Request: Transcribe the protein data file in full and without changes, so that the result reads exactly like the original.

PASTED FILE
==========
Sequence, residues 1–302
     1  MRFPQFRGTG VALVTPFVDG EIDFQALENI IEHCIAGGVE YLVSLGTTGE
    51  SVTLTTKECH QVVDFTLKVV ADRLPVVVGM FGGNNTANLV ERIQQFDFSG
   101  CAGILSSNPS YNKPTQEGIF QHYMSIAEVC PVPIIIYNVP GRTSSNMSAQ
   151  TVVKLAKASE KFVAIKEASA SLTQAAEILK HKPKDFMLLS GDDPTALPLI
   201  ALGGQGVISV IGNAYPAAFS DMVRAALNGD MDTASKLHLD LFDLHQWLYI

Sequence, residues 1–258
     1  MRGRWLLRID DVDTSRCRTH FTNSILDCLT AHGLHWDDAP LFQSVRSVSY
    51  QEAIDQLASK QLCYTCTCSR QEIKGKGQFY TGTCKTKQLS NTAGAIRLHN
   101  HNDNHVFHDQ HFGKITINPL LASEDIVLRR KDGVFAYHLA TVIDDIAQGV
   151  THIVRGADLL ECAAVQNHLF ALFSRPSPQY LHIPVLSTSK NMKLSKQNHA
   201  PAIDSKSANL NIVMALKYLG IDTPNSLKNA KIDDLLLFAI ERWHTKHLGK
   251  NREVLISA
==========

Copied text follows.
Sequence, residues 1–302
     1  MRFPQFRGTG VALVTPFVDG EIDFQALENI IEHCIAGGVE YLVSLGTTGE
    51  SVTLTTKECH QVVDFTLKVV ADRLPVVVGM FGGNNTANLV ERIQQFDFSG
   101  CAGILSSNPS YNKPTQEGIF QHYMSIAEVC PVPIIIYNVP GRTSSNMSAQ
   151  TVVKLAKASE KFVAIKEASA SLTQAAEILK HKPKDFMLLS GDDPTALPLI
   201  ALGGQGVISV IGNAYPAAFS DMVRAALNGD MDTASKLHLD LFDLHQWLYI

Sequence, residues 1–258
     1  MRGRWLLRID DVDTSRCRTH FTNSILDCLT AHGLHWDDAP LFQSVRSVSY
    51  QEAIDQLASK QLCYTCTCSR QEIKGKGQFY TGTCKTKQLS NTAGAIRLHN
   101  HNDNHVFHDQ HFGKITINPL LASEDIVLRR KDGVFAYHLA TVIDDIAQGV
   151  THIVRGADLL ECAAVQNHLF ALFSRPSPQY LHIPVLSTSK NMKLSKQNHA
   201  PAIDSKSANL NIVMALKYLG IDTPNSLKNA KIDDLLLFAI ERWHTKHLGK
   251  NREVLISA